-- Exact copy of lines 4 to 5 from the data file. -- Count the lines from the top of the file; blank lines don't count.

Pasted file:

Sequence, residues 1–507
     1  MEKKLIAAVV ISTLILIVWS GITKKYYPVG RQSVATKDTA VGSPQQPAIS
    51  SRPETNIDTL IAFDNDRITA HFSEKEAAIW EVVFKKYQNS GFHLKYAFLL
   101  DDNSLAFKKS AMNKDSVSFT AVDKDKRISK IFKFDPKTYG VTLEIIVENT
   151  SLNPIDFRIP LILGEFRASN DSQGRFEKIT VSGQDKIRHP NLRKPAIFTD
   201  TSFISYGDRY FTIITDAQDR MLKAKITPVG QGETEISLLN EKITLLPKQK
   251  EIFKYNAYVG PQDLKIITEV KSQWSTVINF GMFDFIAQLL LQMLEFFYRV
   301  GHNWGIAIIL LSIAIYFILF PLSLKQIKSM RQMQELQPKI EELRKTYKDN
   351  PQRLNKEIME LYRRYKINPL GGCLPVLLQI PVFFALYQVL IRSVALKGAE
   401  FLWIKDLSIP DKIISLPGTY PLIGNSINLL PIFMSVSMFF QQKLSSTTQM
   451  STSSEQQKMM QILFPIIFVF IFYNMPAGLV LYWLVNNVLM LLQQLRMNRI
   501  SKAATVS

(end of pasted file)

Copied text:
   101  DDNSLAFKKS AMNKDSVSFT AVDKDKRISK IFKFDPKTYG VTLEIIVENT
   151  SLNPIDFRIP LILGEFRASN DSQGRFEKIT VSGQDKIRHP NLRKPAIFTD